As much as I don’t like bestowing massive praise on a relatively young event but the Singapore Grand Prix has quickly established itself as one of the signature events of the F1 season. Along with the old standards of Monaco, Silverstone and Monza, this is one of the races that everyone seems to race with extra motivation to win.
With that in mind, it was quite a surprise to see Mercedes off the pace in Singapore. In fact, with the lights shining bright, it was Ferrari that was fastest through the night. Sebastian Vettel scored a grand slam by qualifying on pole, setting the fastest lap, leading all the laps and winning the race.
Despite an early issue getting Nico Rosberg going from the garage, it was smooth sailing from the start for most of the frontrunners. Even Kimi Raikkonen got away clean having done over 100 practice starts in the simulator following Monza. The exception was Max Verstappen who stalled from 8th on the grid but put in another great performance in recovery.
At the head of the field, it was Vettel who led from Daniel Ricciardo and Raikkonen. The Red Bulls were believed to be a threat on long-run pace but a Virtual Safety Car (and then proper SC) neutralized any potential Red Bull strategy. On Lap 13, Felipe Massa exiting pit lane into Turn 3 collided with Nico Hulkenberg as the pair went for the same piece of road. While I thought it was probably a racing incident, if not Massa’s fault for not yielding as the slow car, the stewards issued a three grid spot penalty to The Hulk.
The big story from the race came before a second safety car. Lewis Hamilton reported a loss of power from his engine and no resets seemed to solve it. Team radio indicated a reading of less than full throttle being applied at the pedals despite Lewis saying his foot was to the floor. The Brit retired the car and saw his World Drivers’ Championship lead drop to 41 points.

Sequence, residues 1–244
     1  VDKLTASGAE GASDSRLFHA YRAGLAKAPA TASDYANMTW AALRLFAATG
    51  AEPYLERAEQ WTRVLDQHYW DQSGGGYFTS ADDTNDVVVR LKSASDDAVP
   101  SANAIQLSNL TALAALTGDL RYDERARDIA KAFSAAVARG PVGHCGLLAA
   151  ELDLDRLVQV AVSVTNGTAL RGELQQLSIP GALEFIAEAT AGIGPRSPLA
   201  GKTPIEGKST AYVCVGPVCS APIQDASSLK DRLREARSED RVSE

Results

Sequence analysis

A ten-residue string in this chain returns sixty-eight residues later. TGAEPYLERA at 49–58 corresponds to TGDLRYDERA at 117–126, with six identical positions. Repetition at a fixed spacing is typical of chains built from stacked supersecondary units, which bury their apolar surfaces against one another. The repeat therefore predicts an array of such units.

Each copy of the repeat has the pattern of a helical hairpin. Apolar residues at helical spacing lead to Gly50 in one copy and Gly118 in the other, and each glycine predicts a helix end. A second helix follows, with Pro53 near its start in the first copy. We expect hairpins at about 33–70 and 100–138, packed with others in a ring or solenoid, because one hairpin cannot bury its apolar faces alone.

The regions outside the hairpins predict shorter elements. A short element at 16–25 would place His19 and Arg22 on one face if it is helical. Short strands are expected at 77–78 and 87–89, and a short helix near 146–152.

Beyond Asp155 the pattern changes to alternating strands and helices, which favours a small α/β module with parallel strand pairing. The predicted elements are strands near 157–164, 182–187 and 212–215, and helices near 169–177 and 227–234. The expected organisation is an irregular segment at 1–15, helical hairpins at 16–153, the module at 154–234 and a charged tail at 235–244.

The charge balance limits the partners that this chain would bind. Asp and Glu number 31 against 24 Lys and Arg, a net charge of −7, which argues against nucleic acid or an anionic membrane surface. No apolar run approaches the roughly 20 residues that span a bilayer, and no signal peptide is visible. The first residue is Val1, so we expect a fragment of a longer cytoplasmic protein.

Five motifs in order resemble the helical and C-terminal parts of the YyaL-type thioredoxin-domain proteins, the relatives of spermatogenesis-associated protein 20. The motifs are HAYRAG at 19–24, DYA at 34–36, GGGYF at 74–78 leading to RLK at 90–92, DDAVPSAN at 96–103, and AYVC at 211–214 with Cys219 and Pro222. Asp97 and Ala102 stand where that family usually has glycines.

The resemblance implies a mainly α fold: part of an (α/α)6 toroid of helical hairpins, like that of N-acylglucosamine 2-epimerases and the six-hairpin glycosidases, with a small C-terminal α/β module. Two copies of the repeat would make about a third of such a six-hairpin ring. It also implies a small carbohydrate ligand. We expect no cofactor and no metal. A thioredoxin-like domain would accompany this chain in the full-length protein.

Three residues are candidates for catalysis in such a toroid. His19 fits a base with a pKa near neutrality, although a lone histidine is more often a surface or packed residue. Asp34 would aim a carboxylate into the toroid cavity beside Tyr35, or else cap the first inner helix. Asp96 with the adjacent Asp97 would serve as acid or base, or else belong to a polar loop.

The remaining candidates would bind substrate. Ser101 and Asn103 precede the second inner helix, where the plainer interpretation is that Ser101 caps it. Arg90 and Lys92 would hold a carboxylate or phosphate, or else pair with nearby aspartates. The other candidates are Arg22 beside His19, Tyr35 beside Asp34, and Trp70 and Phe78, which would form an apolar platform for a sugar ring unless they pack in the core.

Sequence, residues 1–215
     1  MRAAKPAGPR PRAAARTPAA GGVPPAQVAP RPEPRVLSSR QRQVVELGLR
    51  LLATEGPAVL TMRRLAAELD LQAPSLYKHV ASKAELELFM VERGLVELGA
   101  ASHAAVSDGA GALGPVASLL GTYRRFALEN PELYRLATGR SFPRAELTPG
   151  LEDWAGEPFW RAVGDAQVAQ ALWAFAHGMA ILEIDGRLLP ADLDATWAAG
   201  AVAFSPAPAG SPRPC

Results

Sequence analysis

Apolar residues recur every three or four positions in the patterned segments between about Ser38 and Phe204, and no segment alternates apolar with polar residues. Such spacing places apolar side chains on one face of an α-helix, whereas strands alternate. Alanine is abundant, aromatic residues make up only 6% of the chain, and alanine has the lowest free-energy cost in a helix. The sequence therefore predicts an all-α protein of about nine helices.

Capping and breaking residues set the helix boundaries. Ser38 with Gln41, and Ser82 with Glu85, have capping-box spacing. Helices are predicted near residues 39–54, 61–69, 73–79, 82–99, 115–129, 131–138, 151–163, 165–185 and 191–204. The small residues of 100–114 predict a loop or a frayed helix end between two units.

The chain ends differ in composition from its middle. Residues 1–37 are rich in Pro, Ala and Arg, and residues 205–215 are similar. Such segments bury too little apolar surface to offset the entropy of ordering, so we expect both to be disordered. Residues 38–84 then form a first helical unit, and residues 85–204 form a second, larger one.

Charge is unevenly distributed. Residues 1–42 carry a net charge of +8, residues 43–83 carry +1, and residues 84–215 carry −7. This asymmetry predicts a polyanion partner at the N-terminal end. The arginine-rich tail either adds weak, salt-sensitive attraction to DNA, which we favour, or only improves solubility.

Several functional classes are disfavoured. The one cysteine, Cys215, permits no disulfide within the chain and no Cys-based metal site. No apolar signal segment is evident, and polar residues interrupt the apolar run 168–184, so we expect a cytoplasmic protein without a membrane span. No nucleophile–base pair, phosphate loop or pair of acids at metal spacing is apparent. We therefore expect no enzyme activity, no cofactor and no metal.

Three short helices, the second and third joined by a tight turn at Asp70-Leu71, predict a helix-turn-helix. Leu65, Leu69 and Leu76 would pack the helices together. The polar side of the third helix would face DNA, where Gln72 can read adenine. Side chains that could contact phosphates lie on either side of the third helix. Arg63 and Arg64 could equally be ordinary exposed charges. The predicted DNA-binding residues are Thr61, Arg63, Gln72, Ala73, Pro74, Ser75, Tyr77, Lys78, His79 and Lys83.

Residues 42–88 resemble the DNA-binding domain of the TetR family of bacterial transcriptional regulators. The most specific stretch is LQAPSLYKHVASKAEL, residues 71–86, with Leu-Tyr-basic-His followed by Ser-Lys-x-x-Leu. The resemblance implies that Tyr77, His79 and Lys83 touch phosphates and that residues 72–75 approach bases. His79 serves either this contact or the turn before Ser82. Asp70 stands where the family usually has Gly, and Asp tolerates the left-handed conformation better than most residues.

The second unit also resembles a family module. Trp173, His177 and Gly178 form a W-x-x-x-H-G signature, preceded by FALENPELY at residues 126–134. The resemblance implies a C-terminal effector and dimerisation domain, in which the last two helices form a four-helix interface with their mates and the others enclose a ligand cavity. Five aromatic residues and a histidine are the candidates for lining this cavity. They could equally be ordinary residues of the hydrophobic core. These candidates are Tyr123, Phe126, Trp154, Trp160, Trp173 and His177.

The opportunity for a change in order through pit strategy was foiled by a second appearance by the safety car. This time, it was for a fan who wandered out onto the track. According to Twitter, the fan entered the track from an open and unguarded opening in the fence. Apparently, he was a British fan though there are some conflicting reports about his driver loyalty and blood-alcohol content.
In the end, it was a completely dominant victory for Vettel en route to his third win of the season. Ferrari’s goal for the year was two wins so they can certainly call it a successful season. Ricciardo was second but never properly looked like a threat. Kimi Raikkonen finished 3rd to make it the first Ferrari double-podium of the season.
Nico Rosberg finished in 4th. Valtteri Bottas rounded out the top five. Daniil Kvyat looked good form to maybe sneak onto the podium but bad luck with the safety cars meant he could only manage a 6th. Sergio Perez crossed the line in 7th. Max Verstappen was told to move over for teammate Carlos Sainz but held station. Max finished in 8th and Carlos in 9th. Felipe Nasr finished in 10th to give Sauber a run of four consecutive points finishes.
It’s only been two weeks since the last race but everything is happening in the world of Formula One outside the white lines of the track.
Let’s start with the engines and constructors news because things have gotten very interesting according to the oracle of F1 news, Eddie Jordan.
As I mentioned after Italy, the plan is for Red Bull and Toro Rosso to finalize a deal with Ferrari for an engine supply contract in the coming weeks. After that, things get really fun. It’s been rumoured for a while that Red Bull has been courting Volkswagen to buy the team. Jordan says that the deal is coming closer to fruition all the time.
The current timeline sees VW buying Red Bull (and possibly Toro Rosso) in the next couple of months with the team operating as Red Bull Racing-Ferrari for the next two season. Then, starting in 2018, VW will enter the sport as a constructor and engine manufacturer. The project will be led by former Ferrari team principal Stefano Domenicali. As part of the agreement, Red Bull would stay onboard as a $60 million per year title sponsor.
Interestingly, a BBC report says that a deal between RBR and VW was agreed to last winter but former VW Group chairman Ferdinand Piech vetoed the deal. With Piech out, it looks like there’s new life to the deal.